Build a good quality product and create sufficient documentation, but don't focus on making the document super flashy.
One of the important points in Agile Manifesto is "Working software over comprehensive documentation". So according to this, the product is given more priority than documentation, but do we still need documents? By stating explicitly that we value the working software rather than the documentation, we will now question whether the documentation is valuable.
Agile doesn't say “don't build documents.” It says priority is first a working software then you can document it. A flashy document doesn't replace a working software. Hence, most of the documentation that you traditionally created is "needed" because you discovered the information it contained a long time before you needed to use that information. If instead, you tailor the process so information is discovered or decided just in time for it to be used, then that information doesn't need to be written down except as the code or the tests for which you need to know those facts. Producing working software is a very preliminary requirement to a development team under any methodology: either Agile or waterfall and so on. There exist no methodology in favor of comprehensive documentation over working software. With respect to the question of documentation, the distinction is that when working very small fragments to completion, you can hold the information in the mind; it is created or discovered just in time, within minutes at most, to be used. It doesn't need to be recorded for use later. But there's a limit to how much you can hold in your mind current, before things start slipping out. If you try to work on larger chunks, you start to need to write things down.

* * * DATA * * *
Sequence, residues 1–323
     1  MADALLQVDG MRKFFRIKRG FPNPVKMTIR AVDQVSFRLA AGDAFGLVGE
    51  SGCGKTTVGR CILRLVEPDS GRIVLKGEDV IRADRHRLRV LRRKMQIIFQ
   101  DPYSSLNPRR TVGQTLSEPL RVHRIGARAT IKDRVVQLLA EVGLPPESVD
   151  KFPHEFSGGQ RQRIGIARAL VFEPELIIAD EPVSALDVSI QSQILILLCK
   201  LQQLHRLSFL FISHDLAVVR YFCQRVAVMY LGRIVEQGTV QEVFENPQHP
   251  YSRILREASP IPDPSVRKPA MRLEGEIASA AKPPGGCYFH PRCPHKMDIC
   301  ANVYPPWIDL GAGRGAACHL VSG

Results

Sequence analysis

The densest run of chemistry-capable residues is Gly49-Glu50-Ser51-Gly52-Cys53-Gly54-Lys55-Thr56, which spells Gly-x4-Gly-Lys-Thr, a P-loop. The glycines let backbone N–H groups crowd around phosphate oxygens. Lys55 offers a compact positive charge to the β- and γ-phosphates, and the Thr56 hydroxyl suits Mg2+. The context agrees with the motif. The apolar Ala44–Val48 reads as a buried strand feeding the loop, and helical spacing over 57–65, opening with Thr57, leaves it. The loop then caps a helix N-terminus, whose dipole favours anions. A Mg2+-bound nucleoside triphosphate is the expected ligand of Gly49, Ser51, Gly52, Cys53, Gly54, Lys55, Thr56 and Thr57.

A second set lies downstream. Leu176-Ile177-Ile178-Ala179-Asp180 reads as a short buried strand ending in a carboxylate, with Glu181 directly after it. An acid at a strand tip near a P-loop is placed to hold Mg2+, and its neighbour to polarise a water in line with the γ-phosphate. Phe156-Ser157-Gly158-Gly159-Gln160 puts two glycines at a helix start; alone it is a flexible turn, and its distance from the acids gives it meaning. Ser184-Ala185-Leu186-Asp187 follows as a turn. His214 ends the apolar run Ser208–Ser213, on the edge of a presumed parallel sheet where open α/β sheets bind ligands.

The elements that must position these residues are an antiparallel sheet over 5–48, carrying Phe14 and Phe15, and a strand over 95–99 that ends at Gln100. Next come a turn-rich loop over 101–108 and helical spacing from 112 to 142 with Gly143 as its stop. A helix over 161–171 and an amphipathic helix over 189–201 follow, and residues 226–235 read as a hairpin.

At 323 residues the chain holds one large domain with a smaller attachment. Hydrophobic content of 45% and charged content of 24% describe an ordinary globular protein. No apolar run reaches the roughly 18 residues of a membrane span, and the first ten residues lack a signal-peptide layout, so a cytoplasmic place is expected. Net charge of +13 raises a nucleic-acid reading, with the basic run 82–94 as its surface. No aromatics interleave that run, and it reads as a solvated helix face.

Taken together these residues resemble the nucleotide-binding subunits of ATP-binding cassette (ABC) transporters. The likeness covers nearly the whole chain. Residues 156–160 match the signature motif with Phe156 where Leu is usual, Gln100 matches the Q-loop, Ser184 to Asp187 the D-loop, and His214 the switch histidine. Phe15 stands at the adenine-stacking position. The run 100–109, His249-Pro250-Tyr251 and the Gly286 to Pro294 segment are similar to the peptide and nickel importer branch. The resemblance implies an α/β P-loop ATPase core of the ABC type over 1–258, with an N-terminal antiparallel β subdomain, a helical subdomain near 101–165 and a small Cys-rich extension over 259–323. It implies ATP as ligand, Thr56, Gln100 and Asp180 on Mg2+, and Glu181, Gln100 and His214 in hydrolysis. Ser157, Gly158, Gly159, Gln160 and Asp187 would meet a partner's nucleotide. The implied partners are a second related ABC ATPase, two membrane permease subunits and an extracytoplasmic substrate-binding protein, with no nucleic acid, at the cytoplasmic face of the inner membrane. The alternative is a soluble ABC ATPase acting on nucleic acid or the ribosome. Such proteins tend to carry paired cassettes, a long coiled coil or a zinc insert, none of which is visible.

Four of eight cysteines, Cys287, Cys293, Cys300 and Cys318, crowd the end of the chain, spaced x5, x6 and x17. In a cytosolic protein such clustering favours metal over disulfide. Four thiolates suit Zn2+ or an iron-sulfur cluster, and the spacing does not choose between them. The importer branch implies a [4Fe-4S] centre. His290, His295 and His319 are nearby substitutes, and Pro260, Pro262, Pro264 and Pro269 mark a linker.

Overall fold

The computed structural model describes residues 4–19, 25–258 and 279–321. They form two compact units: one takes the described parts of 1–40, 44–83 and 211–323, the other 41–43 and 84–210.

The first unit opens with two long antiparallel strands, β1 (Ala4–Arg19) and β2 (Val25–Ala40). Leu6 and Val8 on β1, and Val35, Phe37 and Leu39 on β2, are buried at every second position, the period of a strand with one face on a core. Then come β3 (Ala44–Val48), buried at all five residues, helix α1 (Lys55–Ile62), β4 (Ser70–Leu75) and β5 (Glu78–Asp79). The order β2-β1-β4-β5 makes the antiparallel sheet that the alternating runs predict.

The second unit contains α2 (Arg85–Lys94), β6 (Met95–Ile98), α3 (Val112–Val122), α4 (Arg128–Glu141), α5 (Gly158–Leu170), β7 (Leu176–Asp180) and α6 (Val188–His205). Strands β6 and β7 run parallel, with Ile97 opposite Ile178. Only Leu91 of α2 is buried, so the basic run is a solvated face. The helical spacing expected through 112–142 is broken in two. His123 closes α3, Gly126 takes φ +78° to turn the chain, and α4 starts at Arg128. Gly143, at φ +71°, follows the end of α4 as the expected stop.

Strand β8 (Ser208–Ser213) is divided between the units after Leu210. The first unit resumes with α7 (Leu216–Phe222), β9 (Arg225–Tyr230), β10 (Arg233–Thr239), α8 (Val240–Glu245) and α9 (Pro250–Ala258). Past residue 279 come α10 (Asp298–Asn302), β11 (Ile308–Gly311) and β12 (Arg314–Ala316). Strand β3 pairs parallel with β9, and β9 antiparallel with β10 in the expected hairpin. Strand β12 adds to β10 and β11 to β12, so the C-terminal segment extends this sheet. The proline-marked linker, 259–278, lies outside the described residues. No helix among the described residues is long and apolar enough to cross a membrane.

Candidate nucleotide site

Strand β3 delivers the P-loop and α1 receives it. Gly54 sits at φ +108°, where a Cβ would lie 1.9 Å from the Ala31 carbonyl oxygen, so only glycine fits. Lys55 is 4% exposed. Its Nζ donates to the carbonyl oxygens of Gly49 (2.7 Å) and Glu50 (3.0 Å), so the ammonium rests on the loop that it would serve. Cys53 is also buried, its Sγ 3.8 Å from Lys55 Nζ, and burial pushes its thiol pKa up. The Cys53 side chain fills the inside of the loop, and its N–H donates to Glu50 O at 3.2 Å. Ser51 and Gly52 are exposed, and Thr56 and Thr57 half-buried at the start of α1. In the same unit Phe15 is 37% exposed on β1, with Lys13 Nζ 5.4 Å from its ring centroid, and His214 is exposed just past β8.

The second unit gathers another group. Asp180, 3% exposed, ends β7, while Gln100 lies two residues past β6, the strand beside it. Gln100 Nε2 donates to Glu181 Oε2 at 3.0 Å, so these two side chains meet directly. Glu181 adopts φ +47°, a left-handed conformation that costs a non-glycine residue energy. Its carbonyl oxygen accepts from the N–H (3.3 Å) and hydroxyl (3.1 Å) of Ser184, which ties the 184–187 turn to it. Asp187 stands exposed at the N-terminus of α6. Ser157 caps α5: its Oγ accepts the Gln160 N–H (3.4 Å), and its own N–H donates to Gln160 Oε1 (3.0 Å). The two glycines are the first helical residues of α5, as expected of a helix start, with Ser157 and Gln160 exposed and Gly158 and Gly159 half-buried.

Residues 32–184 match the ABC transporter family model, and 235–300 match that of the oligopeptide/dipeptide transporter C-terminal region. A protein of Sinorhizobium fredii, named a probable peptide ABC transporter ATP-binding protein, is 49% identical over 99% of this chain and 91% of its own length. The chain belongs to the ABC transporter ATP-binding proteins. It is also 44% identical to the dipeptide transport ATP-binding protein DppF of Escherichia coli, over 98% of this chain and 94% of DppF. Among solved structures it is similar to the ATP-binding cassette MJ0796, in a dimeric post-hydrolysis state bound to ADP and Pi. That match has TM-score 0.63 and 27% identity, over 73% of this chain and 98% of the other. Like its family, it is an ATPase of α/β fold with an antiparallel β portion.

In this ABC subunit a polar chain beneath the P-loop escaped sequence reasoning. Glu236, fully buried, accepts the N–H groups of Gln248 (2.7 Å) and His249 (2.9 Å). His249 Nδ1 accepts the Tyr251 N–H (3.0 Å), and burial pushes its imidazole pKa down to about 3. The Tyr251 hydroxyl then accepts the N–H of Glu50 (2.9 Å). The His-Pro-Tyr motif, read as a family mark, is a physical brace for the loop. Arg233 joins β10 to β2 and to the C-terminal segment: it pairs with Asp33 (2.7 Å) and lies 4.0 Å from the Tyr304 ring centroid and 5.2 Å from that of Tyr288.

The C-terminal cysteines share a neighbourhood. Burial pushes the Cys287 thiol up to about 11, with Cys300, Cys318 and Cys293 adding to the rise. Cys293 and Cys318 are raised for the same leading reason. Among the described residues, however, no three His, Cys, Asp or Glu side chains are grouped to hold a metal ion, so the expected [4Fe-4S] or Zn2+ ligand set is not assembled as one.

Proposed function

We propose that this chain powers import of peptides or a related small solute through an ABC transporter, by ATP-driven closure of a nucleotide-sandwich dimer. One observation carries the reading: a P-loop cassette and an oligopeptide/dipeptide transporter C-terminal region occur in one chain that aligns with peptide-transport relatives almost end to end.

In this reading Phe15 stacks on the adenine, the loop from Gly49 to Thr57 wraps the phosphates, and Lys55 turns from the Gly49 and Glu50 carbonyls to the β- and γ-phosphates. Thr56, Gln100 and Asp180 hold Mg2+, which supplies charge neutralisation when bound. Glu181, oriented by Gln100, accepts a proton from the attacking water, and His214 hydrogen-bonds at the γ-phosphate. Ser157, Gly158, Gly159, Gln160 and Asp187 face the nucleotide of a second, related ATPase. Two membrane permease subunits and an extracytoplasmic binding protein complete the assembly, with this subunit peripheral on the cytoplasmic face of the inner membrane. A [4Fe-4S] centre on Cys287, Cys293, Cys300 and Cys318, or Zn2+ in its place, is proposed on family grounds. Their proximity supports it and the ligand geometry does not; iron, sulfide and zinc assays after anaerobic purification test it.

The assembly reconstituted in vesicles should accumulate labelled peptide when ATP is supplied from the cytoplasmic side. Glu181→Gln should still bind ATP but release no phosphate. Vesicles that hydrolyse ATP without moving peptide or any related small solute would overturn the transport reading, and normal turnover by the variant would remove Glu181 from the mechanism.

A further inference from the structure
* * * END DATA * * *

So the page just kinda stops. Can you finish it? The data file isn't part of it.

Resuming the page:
Comprehensive documentation is needed, but you have to give priority to working software than documentation.The essence is that if you can create working software that the customer would value, do it. It's the best thing you can do. If you need documentation as part of what you do to create working software that the customer would value, then you would value that documentation. While Agile emphasizes on working codes and working software, and encourage small up front design, and design through evolution in iterations, It does not means rushing to coding with no design documentation. Comprehensive documentation means the documentation in Waterfall style. From a certain point of view, documentation in Agile should be more comprehensive, since the document is not so easily out of sync with the reality, as its waterfall counterpart did. For examples, user stories, issues, schema files, UML diagrams on paper or in modeling tool etc. are all documentation.
Sometimes the alternative (rediscovering if and when information is needed) is genuinely a more effective and efficient approach. These days the typical documentation is very slim and geared toward telling people who might need to reconstruct information where to start looking. That problem is usually owing to a lack of feedback - where developers don't get feedback on where they went wrong, they will get ever better at doing what they think is right without ever having the incorrect parts of their thinking challenged and improved. They get ever better at what they do, but they never get better at what they never do, and there are parts of the job they never do. While "working software over comprehensive documentation" is good against waste, the line of producing "enough" documents is whether the documentation helps developing "working software" and subsequent maintenance. Remember, no matter how smart and knowledgeable you are, or how many brain cells you have, your brain is still tiny in front of complicated problems today and complex structures you are going to build. Enough documentation in Agile forms is complementing our tiny flesh brains.
Build a good quality product and create sufficient documentation, but don't focus on making the document super flashy. Focus on making your software working well to satisfy customers. That's the essential of these Agile principles.